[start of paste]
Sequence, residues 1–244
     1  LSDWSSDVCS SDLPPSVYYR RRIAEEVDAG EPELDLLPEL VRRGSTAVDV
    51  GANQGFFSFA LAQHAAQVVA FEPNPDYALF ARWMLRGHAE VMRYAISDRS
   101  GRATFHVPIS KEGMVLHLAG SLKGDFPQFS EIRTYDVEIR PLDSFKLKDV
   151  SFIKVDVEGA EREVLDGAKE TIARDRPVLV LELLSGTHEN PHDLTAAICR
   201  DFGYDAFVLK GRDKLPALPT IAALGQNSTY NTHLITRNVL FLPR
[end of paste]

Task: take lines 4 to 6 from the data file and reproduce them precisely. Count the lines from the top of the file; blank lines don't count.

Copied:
   101  GRATFHVPIS KEGMVLHLAG SLKGDFPQFS EIRTYDVEIR PLDSFKLKDV
   151  SFIKVDVEGA EREVLDGAKE TIARDRPVLV LELLSGTHEN PHDLTAAICR
   201  DFGYDAFVLK GRDKLPALPT IAALGQNSTY NTHLITRNVL FLPR